Ten men of power set to light up Rugby World Cup

Monday, September 16th, 2019 00:00 |
Eben Etzebeth (South Africa).

1. Amanaki Mafi (Japan)

Mafi’s career has been plagued by off-the-pitch trouble and he is currently awaiting trial for an allegedly vicious assault on Melbourne Rebels team-mate Lopeti Timani.

Despite the incident, Japan coach Jamie Joseph has included Mafi for World Cup selection with the trial likely to take place in 2020.

The back-row forward is arguably Japan’s best player and lit up the tournament in 2015. He is a massive ball carrier and makes his presence known in defence too. 

2. Manu Tuilagi (England)

A fit and firing Manu Tuilagi will give defence coaches sleepless nights and Eddie Jones’s human wrecking-ball looked sharp in the warm-up games.

He’s 28 now and this World Cup could be a career-defining tournament for the Leicester Tiger.

Tuilagi has the kind of raw power and hunger for contact that is uncoachable and a genuine point of difference for any team. If Owen Farrell manages to create the openings for him, the centre will use all 114kgs to wreak havoc. 

3. Alivereti Raka (France)

As erratic as France can be in the intervening years, they just love a World Cup and this man could be their superstar.

The flyer’s surname literally means ‘rugby’ in his place of birth, Fiji, and he’s got all the tools in his locker to perform on the biggest stage.

Raka isn’t exactly a man mountain at 6ft and 88kg but he is incredibly powerful and possesses as piston-like hand-off along with the ability to step off both feet. He is box office with ball in hand and well worth keeping an eye on. 

4. Taniela Tupou (Australia)

Tupou is one of the most promising young props in the game. At 23, he has the world at his feet and the Australia Rugby Union clearly rate him as they’re willing to pay him $1million (Sh100 million) a year.

The rampaging front-rower went viral as a schoolboy, skittling defenders in his highlights video and he’s grown into a 135kg giant with frightening agility for his size.

At 5ft 8in, his low centre of gravity and footwork gives defenders a nightmare. 

5. Eben Etzebeth (South Africa)

Ben Tameifuna (Tonga)

Eben Etzebeth has specially made dumbells for himself, weighing 75kgs each. He can benchpress 175kgs and the circumference of one of his biceps is 19 inches.

At 6ft 8ins and 19 stone, the man is a behemoth. The measurements are mind boggling but he’s not just a gym monkey.

There’s no way you can start as a lock for South Africa without some serious snarl to your play and ability to go with it. He loves the dark arts and comes from the Bakkies Botha school of physical intimidation but can run 40m in 5.11 seconds and is arguably the most impressive all-round physical specimen in Japan. 

6. Billy Vunipola (England)

At 6ft 2in and 130kg with the cardio to back it up, Vunipola transforms the threat posed by England from the back of the scrum.

When he was sidelined by three broken arms in a row, the team lost so much dynamism and ability to create space off his rampages through the gainline.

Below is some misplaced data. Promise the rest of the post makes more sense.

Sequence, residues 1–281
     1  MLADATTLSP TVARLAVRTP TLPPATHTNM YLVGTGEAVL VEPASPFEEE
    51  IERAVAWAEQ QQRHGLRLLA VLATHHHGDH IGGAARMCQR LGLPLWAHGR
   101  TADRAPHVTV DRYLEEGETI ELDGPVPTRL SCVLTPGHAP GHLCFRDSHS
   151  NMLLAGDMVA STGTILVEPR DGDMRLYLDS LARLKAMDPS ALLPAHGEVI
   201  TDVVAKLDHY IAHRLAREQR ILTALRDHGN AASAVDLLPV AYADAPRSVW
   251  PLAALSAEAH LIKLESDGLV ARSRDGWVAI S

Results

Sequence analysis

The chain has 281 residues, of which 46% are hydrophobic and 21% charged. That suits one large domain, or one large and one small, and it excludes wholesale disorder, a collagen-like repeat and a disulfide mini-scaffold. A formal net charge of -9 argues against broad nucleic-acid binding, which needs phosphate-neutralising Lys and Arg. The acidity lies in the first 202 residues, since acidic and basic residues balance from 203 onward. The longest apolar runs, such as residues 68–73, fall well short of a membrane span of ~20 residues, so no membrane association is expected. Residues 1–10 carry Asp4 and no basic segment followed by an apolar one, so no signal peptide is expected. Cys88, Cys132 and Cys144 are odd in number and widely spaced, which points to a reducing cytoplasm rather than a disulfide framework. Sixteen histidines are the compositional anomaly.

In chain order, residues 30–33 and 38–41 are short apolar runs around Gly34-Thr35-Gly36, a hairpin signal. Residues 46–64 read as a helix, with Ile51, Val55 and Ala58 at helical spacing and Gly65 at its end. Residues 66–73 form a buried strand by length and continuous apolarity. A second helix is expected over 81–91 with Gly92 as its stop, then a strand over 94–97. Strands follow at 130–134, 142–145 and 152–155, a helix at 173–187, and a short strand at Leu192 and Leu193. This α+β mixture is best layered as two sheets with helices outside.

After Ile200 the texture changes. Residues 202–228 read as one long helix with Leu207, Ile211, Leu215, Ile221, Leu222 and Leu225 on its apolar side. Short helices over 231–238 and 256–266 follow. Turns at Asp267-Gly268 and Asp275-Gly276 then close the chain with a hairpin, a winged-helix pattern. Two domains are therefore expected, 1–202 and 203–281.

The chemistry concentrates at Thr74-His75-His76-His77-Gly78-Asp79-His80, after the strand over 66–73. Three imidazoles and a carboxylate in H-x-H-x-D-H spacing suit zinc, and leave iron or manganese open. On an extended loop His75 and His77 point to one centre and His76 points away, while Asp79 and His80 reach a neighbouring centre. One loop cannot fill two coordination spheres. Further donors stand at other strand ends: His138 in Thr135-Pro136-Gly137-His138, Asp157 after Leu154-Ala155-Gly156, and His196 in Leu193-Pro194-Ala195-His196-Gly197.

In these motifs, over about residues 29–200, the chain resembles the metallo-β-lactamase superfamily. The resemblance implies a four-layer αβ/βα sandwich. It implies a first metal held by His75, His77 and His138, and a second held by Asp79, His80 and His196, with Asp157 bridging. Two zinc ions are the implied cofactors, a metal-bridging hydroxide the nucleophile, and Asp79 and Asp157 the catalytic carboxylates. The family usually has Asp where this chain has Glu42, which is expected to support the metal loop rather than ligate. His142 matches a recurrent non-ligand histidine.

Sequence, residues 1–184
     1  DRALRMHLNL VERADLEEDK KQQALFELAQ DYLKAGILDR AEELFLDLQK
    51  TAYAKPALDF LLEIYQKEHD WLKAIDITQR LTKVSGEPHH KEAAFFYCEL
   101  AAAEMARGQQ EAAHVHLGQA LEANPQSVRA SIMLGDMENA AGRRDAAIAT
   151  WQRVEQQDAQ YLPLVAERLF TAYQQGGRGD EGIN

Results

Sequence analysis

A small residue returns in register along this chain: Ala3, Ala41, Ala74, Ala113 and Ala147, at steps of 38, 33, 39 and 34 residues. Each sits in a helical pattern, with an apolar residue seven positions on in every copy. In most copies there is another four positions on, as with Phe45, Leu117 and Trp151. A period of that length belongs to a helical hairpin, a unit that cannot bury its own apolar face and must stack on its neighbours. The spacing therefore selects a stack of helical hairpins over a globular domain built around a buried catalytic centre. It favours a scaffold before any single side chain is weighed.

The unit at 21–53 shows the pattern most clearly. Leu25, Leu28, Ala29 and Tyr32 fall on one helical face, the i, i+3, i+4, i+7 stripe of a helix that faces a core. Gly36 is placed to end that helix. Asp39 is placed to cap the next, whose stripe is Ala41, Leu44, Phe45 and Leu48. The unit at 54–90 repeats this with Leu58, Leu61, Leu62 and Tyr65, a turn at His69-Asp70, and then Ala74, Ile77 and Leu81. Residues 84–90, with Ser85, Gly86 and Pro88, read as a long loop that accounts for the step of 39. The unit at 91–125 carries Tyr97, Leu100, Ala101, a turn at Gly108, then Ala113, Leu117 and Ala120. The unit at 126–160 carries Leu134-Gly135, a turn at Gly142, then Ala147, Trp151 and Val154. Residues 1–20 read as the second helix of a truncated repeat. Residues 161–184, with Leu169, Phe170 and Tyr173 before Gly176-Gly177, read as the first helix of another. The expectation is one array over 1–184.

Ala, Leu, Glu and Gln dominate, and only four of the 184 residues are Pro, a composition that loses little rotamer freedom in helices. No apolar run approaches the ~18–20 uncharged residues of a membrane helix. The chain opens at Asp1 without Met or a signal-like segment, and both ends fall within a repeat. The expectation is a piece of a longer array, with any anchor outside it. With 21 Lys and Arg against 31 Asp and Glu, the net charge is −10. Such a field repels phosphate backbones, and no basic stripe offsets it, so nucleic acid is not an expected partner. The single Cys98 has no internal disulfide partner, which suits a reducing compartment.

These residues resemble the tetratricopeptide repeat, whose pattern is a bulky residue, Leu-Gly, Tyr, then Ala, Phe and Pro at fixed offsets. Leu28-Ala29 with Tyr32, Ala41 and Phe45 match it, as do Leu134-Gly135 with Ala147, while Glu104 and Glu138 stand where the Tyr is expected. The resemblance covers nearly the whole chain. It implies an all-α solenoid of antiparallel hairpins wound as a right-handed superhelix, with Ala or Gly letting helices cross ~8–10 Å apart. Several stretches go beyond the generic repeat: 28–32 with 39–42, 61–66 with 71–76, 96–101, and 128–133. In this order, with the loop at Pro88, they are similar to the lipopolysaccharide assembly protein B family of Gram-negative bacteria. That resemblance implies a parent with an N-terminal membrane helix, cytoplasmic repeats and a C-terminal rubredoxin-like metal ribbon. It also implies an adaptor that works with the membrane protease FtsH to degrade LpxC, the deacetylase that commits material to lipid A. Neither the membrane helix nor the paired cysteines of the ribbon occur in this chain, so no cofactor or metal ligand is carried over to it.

Vunipola has spoken of his ambition to become the best No8 in the world and if he gets anywhere close to that, England should have a strong campaign. 

7. Louis Picamoles (France)

King Louis. A No8 who has managed to be one of the most consistent French performers over the last few years.

Consistency and the French? I know it’s hard to believe but Picamoles is renowned for his professionalism and packs a serious punch from the back of the scrum.

Levani Botia (Fiji)

Now 33, his powers might be slightly on the wane, but he’ll be the man to get Les Bleus on the front foot in Japan.

He’s known as the Iceberg as all the weight is carried at the bottom and no doubt a few defenders will give their best impression of the Titanic over the next few weeks. 

8. George North (Wales)

North has never quite managed to reach the dizzy heights of the Lions tour to Australia in 2013 but the Welsh powerhouse seems to be finding some form again.

The 6ft 3in and 109kg finisher loves a big stage and it would be no surprise if he showcased his combination of twinkling footwork and monstrous power in Japan.

He’s nearing 100 international caps already and at 27-years-old is now entering his prime. 

9. Ben Tameifuna (Tonga)

The heaviest man in Test rugby. Tameifuna’s official weight has been debated but in 2018 he said he tipped the scales at 153kgs.

The Tongan giant earns his corn at the set piece and with occasional meaty carries but fancies his skills too. Like most front-rowers, he loves to have a kick at goal in training. 

10. Levani Botia (Fiji)

‘Demolition man’ is Botia’s nickname and that sounds about right. He makes grown men look like schoolboys when he moves through the gears.

There isn’t much subtlety to the La Rochelle man’s game but there doesn’t need to be when he can bounce tacklers off with such regularity. The fact that he can play centre or flanker marks him out as a rare talent.

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